Re-Elect Robert Raburn for BART Board 2018: Putting Riders First

"I Work for You ... Not BART."


"We need Robert Raburn on the BART Board. There is no one more dedicated to BART riders than Robert. With his vision and leadership, we passed Measure RR, the most significant step yet to prepare the Bay Area for the transit demands of today and tomorrow."


-- Jim Wunderman, President & CEO, Bay Area Council

Keeping the trains on time is no job for amateurs. With 131 miles of track, 50 stations, about 519 aging cars plus 354 "fleet of the future" cars (as of 7/01/22), 184 escalators, 147 elevators, 715 fare gates, and pressure to always do more with less, making BART work for you takes a rare kind of leader.

As a professional transportation planner with 30 years of experience improving transit, Robert Raburn is the expert we need on the BART Board.

A BART Director has to make tough decisions. They have to balance limitless priorities with limited resources. They have to make BART better through innovation, efficiency, and service improvements. They have to lead by example and prove to voters that reinvesting in our core transportation system is worth it. In his eleven years on the BART Board, Director Raburn has shown that he’s up to the task. He was elected to serve as Board President in 2018.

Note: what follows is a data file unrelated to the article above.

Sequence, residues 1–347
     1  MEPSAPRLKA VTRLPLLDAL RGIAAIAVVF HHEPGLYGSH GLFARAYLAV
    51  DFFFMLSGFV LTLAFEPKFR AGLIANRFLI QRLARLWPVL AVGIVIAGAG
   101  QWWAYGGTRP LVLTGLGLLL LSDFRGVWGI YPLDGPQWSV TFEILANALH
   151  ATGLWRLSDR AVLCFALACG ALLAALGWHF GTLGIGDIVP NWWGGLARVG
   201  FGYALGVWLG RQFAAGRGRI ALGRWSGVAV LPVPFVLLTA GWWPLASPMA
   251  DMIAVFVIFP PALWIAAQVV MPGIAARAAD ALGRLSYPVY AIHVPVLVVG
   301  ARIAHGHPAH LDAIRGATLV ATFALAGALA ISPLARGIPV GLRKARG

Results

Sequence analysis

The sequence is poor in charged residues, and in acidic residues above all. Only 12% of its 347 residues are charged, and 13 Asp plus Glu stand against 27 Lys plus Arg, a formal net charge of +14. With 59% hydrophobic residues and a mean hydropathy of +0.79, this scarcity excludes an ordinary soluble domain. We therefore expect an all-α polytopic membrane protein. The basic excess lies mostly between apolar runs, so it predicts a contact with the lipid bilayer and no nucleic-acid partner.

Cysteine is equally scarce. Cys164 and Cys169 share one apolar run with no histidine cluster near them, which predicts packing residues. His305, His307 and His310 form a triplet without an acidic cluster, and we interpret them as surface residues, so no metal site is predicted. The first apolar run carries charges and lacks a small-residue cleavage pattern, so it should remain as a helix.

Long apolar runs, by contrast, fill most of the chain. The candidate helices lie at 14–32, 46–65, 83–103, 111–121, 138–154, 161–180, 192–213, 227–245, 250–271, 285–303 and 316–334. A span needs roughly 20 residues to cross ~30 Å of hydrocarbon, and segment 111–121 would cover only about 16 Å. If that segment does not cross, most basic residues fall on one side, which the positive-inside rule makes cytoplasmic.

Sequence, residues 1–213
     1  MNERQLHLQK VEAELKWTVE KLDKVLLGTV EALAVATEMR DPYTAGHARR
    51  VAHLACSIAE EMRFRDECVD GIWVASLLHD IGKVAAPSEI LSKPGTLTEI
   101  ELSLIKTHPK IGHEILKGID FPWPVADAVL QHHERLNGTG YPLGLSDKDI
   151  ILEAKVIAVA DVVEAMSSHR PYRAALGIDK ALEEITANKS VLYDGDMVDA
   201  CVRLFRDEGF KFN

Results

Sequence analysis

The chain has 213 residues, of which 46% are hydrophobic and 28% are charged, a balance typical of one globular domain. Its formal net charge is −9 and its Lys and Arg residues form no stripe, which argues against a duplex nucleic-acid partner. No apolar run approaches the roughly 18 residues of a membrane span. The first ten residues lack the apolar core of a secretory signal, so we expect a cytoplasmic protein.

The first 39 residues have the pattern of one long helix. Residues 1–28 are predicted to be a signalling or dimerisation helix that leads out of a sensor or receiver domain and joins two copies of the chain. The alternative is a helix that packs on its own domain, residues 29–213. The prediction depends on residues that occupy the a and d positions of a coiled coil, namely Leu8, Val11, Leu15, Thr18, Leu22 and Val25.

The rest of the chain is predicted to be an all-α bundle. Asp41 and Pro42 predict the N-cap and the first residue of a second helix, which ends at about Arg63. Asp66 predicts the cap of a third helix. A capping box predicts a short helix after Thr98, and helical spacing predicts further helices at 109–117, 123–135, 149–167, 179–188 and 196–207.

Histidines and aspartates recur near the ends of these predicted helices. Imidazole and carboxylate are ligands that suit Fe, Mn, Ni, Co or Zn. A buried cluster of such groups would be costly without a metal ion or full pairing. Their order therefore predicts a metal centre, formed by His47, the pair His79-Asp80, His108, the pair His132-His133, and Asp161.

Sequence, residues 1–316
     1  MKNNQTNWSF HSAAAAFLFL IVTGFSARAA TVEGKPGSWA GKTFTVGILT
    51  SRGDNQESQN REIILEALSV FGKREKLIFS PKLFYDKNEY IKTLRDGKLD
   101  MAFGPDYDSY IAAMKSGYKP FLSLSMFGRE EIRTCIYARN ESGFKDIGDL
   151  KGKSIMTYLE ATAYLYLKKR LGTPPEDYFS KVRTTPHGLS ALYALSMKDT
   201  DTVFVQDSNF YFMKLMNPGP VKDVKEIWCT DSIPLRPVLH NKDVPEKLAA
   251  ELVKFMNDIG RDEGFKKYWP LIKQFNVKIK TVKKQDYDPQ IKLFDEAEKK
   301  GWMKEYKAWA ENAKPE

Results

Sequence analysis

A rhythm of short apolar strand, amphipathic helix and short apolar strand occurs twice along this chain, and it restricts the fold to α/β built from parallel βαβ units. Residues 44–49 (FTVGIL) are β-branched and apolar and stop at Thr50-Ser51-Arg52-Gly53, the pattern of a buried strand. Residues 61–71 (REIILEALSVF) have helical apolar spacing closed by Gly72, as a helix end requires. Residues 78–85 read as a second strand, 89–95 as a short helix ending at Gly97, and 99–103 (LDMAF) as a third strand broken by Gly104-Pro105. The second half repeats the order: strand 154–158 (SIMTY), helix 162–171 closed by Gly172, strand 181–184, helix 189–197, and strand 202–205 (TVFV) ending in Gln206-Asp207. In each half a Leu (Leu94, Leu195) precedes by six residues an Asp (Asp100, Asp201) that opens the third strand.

Director Raburn understands how transit works, knows how to make it better, and puts riders first. He often says, “I work for you, not for BART.” He’s the proven leader we need on the BART Board, for the people of District 4 and for everyone who rides BART. At the onset of the pandemic in March 2020 he was resolute to provide service for essential workers.


Robert Keeps His Word:


Robert said he would focus
on alleviating overcrowding.
He kept his word.

Raburn has championed modernizing BART’s aging fleet with 775 new BART cars to be delivered over the next five years. Ten were put into service on January 19, 2018. Each new car will allow BART to reduce crowding by running longer trains. Robert is working to fund an additional 306 BART cars to keep up with ridership demand and offer more frequent service.

Robert said he would champion
vibrant urban centers at BART stations.
He kept his word.